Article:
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Being in the middle of a dome build, I can confirm that this is all sound advice. 

I love the comment about stop digging the hole, perhaps we went down just a little deeper than we needed to on this one?☺️

5904EC67-EA12-4875-8892-D42278F8DDEC.jpeg

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Such a good topic! I've just finished the groundworks for mine, and yep, I kept digging. And digging. And digging. Followed by mixing. And mixing. And mixing. 🤣🤣🤣 

Top advice 👍

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On 17/09/2019 at 12:17, Yawning Angel said:
  • Don't forget you need to lock it...build the door frame with this in mind
  • Commercial grade stainless fittings are great for outside

A bit late to the game here.  I really like the full list, but the two items above are ones that I have taken on board in making some retrospective changes to my otherwise excellent ROR built by HomeObservatoryUK (I know, not DIY, shame on me.)

I changed all the hinges for the door, and wall flap, to heavy duty stainless – not an expensive process but utterly worthwhile, as the old ones were beginning to rust.  Most recently, I also changed the door handle to exterior quality stainless and upgraded the padlock arrangements.  The old galvanised padlock loop is redundant.  I can really recommend the Bulldog garage lock that's on there now... very sturdy – I don't think you'll get through that with any bolt cutter I've seen.

Tony

 

IMG_2453.JPG.3b45ac07a2f6d78d7ee815bf6ab99dfe.JPGimage2.jpeg.e2563104cb08d475ea18fd2d7a30fb78.jpeg

 

 

 

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Big bloke with a wrecking bar might make short work of those bolts. Pull them straight through. My workshop lock bolts (two) are backed with 16 gauge galv plate. If your hinge pins are exposed outside then fit some hinge bolts (interlocking plate and bolt) into the frame. Of course the structure is all wood so they can still get in.....................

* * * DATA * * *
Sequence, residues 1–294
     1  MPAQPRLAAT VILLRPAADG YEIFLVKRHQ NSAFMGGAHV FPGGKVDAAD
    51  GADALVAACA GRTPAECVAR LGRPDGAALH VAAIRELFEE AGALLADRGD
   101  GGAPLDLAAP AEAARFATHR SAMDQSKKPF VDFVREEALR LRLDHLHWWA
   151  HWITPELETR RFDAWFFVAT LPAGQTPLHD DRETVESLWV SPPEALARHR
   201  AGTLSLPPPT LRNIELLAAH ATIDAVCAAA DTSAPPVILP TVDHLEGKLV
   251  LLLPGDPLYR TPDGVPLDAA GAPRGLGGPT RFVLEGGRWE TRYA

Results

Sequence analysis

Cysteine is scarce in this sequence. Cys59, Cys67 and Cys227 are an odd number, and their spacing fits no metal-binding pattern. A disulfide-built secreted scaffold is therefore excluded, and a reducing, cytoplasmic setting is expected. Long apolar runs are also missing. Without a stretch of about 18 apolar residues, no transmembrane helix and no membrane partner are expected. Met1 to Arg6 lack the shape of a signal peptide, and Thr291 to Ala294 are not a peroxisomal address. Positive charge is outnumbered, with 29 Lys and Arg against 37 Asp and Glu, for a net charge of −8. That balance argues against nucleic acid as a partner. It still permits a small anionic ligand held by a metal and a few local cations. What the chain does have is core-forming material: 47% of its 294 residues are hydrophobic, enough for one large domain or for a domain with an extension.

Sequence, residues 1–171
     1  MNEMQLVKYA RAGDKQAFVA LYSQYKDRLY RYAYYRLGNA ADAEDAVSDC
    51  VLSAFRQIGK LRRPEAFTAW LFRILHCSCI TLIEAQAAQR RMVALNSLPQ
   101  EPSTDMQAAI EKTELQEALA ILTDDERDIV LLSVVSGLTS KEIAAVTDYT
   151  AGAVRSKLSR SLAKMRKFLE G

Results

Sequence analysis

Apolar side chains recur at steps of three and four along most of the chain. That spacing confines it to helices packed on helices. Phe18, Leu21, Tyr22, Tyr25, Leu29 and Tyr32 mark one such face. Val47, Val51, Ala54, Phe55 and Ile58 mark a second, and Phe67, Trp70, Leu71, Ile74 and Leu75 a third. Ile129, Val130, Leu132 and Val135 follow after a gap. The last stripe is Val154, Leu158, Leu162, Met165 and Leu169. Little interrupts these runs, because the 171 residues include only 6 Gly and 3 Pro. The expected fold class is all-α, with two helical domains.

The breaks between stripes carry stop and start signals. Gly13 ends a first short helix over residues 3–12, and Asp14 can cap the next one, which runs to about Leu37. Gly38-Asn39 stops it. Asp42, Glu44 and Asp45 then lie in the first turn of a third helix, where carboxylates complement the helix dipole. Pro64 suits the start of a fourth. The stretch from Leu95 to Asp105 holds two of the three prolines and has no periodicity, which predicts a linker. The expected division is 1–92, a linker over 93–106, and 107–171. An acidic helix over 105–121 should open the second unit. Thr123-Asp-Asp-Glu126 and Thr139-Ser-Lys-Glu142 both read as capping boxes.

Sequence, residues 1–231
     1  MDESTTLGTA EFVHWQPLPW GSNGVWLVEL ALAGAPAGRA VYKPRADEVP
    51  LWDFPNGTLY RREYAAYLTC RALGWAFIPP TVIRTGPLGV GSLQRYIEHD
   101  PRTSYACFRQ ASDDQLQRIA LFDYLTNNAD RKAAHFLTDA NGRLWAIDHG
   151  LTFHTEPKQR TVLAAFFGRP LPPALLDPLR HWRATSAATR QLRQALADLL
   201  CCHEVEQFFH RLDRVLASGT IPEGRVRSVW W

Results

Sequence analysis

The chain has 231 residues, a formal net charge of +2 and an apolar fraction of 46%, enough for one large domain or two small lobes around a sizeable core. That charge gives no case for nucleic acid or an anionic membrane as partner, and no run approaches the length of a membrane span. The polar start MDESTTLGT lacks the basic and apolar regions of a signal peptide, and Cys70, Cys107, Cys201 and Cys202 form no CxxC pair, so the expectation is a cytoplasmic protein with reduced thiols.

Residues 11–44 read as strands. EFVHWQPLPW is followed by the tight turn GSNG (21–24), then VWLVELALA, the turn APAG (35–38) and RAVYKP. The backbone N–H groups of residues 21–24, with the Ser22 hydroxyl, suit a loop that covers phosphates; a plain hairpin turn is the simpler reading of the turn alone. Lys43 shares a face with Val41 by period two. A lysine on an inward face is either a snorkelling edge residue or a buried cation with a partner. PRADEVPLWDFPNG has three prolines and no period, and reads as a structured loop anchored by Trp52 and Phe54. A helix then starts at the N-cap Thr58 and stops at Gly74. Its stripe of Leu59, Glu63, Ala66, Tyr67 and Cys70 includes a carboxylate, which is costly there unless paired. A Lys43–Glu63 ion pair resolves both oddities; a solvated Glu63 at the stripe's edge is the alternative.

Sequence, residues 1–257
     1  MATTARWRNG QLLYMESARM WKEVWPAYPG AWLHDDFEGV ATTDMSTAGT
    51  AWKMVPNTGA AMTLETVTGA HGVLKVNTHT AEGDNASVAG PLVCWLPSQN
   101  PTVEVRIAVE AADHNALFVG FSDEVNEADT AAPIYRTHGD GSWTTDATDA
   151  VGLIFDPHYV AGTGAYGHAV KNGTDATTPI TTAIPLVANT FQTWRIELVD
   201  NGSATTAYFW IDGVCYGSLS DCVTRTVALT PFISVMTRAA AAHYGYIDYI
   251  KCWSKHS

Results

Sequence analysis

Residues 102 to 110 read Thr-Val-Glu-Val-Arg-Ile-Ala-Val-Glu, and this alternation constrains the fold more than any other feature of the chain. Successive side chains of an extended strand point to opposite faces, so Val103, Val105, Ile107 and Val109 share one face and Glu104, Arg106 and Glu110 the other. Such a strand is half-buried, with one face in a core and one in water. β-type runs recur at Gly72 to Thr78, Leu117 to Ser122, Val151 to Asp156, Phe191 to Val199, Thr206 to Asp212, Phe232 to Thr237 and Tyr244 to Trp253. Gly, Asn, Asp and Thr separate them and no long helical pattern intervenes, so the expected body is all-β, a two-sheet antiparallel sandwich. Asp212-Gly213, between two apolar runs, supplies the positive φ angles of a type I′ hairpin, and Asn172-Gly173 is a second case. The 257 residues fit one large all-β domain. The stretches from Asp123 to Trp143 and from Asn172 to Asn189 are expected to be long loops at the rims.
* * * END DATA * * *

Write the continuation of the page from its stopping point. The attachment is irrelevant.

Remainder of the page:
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57 minutes ago, Len1257 said:

Big bloke with a wrecking bar might make short work of those bolts. Pull them straight through. My workshop lock bolts (two) are backed with 16 gauge galv plate. If your hinge pins are exposed outside then fit some hinge bolts (interlocking plate and bolt) into the frame. Of course the structure is all wood so they can still get in.....................

Very true, if the want to they'll get in. A brick built observatory, I'd be through the wall in 2 minutes with a sledge. 

Photo - electric beam sensors are the business or if you have a second shed with nothing of real value in, leave the door unlocked but alarm it. They'll try first every time. Anything to deter or alarm before they put a wreaking bar to use. 

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An unlocked shed next to your obsy is a good home for a peckish Rotweiller.

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This needs to be compulsary reading for everyone contemplating a build.

So many of the items on that list are likely to occur no matter how well you plan

😂